Don't Think of an Elephant
One of the arguments George Lakoff has made is that the simple denial of an accusation can add weight to that accusation. He uses the example of Nixon's "I am not a crook" comment. Before he made it, few people openly talked about the possibility that Nixon might be a crook. But, once he uttered that famous phrase, the question of Nixon's crookedness became topic #1 on everyone's lips.
I am reminded of this by the recent events surrounding the disaster in southeast Asia. The United States initially pledged $15 million dollars towards the relief effort. This was actually the largest initial pledge of any country, but it garnered some criticism for its paltry size when compared to the magnitude of the catastrophe and the economic power of the United States. Comparisons of the amount to the estimated $40 million being spent on Bush's inaugural didn't help any.
An obscure UN official named Jan Egeland made a comment about richer nations being "stingy" in their pledges. He didn't specifically name the United States, but the Bush administration was quick to respond to the comment as if it were directed at them. Colin Powell made the rounds of the morning talk shows yesterday angrily stating that "The United States is not stingy."
Mr. Powell, meet Mr. Nixon.
Now the question on everyone's lips is whether the United States really has done enough (the pledge has been raised to nearly $45 million now, but that is still pretty "stingy" compared to the magnitude of the disaster). It has forced Bush himself to come forward and answer the criticisms (though only in a taped statement). Thus elevating the story to an even higher level.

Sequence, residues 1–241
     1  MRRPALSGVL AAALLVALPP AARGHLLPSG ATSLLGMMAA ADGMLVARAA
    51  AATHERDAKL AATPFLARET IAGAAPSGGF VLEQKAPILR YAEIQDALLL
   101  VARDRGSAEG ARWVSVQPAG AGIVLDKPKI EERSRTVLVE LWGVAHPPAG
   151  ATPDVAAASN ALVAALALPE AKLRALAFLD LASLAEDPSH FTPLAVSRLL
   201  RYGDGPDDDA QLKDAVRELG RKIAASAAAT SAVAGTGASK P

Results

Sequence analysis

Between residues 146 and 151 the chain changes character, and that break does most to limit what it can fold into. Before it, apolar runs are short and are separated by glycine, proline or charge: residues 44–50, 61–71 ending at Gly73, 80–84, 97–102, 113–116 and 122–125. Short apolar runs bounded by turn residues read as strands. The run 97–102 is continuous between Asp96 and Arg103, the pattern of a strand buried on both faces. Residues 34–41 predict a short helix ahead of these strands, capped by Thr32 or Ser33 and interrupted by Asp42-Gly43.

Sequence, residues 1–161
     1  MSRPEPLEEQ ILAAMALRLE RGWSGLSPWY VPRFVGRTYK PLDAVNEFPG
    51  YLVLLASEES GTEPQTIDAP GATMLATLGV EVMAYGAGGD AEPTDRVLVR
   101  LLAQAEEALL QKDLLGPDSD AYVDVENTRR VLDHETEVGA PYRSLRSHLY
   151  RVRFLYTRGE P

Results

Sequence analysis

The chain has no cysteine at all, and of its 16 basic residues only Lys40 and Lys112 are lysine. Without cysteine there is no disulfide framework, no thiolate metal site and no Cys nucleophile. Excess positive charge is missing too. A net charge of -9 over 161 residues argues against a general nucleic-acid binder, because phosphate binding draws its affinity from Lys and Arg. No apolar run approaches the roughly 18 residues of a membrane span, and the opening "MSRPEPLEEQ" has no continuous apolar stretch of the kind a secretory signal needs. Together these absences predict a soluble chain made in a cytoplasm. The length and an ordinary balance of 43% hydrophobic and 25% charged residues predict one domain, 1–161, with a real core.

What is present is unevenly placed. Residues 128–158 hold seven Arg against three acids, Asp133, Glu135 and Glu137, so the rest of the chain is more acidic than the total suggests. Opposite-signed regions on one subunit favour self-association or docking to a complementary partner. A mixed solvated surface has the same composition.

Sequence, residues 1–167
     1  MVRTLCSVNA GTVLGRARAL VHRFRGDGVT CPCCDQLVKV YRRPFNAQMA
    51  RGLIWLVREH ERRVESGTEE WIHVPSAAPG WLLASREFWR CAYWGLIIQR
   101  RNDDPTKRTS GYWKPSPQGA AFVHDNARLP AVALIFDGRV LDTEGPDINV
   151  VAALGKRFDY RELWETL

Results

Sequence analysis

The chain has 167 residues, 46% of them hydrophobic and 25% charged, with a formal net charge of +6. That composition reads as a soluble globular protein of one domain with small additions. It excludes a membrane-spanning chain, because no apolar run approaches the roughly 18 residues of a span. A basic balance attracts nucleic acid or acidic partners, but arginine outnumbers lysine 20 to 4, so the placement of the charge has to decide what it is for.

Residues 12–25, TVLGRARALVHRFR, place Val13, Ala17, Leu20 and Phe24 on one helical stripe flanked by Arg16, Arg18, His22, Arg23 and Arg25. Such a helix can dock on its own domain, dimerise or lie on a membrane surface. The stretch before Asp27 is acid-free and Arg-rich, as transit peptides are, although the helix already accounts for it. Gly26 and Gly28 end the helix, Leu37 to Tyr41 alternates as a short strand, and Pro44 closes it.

I am unsure whether the accusation is a fair one, at least as far as the initial dollar amounts are concerned. Powell and other administration defenders are right that this was only the initial amount and latter funds would follow once a clearer assessment of where those funds were needed had been made.
But, as public relations go, there presentation on this matter is quickly turning into a disaster. The money is really not the issue. It's the attitude that matters even more. Bush's refusal to cut his vacation short looks bad compared to the quick responses of people like German Chancellor Gerhard Schroeder who did what Bush has not. The administrations subsequent comments dismissing "feel your pain" type public appearances at the site of disaster areas completely misses the point. Yes, these are a form of political grandstanding, but they also reassure disaster victims that public officials really are taking their pain seriously.
And Powell's response to the "stingy" issue just makes the administration look defensive, which makes them look guilty, which just adds weight to the initial criticism.
Well, at least the cloud of the tsunami disaster has at least one silver lining.